There's no escaping it no matter how hard I fight it. Each year I swear this christmas will be different.
I will not eat enough for four people.
I will not consume my body weight in Christmas pudding.
I will not succumb to the delicious, delicious turkey.
Fight as I may, when I put my two feet on the scales in January (with a drum-stick in one hand) I know who won the battle in the 'Julia Vs Christmas' fight.
Logic would have you think that if you're already well endowed in the backside area, that a few extra pounds would lodge them selves somewhere where I'm lower in fat; the elbows for example or my arms. But oh no. That extra stuffing goes right where I don't need it ... like my backside is handing out pamphlets around town saying that it's the best place for fat to visit. Thanks so much.
So, instead of wearing my sweat pants everyday for the next month and resigning myself to a dinner of carrot sticks, cardboard and dust particles I decided to embrace the extra 'junk in my trunk' and make my skirts with just an itty bitty extra space. This adjustment will add extra room without changing the side seams or hem. That way no one is the wiser. Yes Shakira, sometimes hips CAN lie.
I just made this adjustment on a dress that I'll be posting this week.
So let's get busy:
1. Trace your back skirt piece onto tracing paper and get your scissors and markers ready. The pattern piece I'm using is for a short skirt just to give you a bit of context.
2. Draw a straight line right through the hip line from the side seam to the centre back (CB). I've done this in a blue marker below.
3. Draw a straight line right from the waist down to the hem. I've done mine right next to the waist dart.
3. Now you'll see a blue cross on my pattern piece above. With your scissors, cut down that blue line that you made starting at the waist and all the way down to the hem stopping about 5mm above the hem creating a 'hinge'.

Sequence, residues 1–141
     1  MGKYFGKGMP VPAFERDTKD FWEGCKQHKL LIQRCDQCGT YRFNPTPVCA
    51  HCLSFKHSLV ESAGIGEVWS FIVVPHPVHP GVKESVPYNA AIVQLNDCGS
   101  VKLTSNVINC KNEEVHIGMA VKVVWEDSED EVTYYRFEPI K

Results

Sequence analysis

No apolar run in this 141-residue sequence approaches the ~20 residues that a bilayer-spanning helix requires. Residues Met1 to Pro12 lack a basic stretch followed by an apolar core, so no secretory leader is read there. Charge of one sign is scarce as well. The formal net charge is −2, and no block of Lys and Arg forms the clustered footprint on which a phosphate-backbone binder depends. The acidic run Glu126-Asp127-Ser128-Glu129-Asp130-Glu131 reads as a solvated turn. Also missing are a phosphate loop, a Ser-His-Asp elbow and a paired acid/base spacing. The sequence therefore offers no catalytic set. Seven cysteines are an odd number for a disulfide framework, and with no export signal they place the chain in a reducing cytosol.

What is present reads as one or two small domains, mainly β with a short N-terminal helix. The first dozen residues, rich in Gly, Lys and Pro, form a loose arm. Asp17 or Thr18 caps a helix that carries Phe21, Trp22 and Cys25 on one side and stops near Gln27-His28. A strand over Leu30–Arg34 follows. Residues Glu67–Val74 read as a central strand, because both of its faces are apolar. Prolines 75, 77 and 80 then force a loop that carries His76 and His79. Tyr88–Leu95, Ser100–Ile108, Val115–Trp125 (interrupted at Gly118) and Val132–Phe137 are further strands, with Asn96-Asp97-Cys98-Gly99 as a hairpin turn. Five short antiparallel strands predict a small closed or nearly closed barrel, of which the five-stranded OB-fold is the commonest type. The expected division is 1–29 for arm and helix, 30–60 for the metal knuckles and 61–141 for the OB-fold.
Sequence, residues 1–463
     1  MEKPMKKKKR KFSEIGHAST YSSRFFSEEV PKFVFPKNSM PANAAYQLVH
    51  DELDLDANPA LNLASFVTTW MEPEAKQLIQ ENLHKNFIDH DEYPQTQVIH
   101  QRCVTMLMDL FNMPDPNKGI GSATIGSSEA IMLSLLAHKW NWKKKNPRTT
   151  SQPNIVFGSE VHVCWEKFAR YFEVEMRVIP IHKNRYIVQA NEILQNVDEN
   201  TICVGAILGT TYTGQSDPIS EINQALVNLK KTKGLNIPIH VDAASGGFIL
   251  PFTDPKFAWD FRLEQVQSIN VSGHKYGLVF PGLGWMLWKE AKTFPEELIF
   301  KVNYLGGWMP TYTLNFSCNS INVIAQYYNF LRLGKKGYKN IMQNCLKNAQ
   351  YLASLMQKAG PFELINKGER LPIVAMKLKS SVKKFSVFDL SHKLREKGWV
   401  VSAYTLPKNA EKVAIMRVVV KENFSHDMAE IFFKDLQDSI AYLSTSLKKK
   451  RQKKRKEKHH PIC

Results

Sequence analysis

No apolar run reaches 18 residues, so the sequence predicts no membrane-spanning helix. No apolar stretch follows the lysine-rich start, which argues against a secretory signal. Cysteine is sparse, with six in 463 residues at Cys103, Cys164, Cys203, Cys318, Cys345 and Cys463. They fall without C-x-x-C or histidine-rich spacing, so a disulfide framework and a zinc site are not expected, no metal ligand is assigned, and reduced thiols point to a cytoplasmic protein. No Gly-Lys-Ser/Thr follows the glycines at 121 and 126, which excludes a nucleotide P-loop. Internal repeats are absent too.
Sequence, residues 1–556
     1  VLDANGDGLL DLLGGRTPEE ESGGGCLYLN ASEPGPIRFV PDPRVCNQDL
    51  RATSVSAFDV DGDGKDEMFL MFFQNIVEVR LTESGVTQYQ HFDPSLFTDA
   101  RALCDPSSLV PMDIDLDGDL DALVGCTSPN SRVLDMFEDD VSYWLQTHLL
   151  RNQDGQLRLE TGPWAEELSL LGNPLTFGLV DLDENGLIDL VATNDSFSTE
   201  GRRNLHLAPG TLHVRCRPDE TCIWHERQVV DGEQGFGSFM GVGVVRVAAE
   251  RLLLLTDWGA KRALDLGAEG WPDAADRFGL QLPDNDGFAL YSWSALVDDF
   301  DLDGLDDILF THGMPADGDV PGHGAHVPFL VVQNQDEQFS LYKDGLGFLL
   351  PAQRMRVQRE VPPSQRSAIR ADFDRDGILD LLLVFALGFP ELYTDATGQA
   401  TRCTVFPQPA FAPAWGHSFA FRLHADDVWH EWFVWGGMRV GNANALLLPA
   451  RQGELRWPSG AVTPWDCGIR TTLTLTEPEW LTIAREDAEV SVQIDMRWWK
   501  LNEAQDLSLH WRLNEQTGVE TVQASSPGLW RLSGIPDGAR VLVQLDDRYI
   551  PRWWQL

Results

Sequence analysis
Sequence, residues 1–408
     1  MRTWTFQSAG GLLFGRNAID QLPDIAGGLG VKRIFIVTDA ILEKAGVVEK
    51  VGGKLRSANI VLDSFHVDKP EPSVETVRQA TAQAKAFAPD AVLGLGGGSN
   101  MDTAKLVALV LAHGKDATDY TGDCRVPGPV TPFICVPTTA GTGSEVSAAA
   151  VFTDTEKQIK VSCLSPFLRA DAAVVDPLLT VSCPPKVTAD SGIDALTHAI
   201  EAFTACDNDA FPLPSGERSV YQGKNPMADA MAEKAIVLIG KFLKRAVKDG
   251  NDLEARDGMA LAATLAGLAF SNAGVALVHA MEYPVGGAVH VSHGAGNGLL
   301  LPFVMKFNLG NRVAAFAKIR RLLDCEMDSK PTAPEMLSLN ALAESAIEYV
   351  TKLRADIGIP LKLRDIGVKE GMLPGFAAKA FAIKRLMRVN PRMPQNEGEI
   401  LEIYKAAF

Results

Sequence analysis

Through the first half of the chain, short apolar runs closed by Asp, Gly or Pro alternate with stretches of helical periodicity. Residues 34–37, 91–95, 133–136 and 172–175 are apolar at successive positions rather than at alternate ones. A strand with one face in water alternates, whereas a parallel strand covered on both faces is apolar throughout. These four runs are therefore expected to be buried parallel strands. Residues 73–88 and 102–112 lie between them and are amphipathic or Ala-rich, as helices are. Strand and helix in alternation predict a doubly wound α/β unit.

4. Now cut across your hip line starting at the CB all the way to the side seam, but being careful to leave a hinge at the side seam.
The whole point of this adjustment is to add extra room without affecting your side seam or hem.
5. Your pattern piece is now effectively divided into four pieces. If you've done it correctly you should have two hinges; one at the hem and one at the side seam.
Spread your pattern pieces out by the extra amount that you need.
6. You'll see that the side seam and hem have not changed, but the CB has lengthened and so has the waist. We'll be altering the waist dart in the next few steps to retain the original waist.
Tape paper underneath your opened pattern piece. I always did love cutting and pasting as a kid.
7. Now we want to get that waist back to it's normal length.
Measure the amount that you added at the waist. You'll see in the picture below that 15mm was added.
8. Split the measurement in half and add it to either side of your original dart. The amount I had added to the waist was 15mm, so I added 7.5mm to each side of my original dart (7.5mm + 7.5mm = 15mm).
Draw a new line from your markings to the dart point. I've done mine below in red. This is now your new dart.
And now you have a new skirt back with extra room at your seat without affecting the side seams, hem or increasing the waist.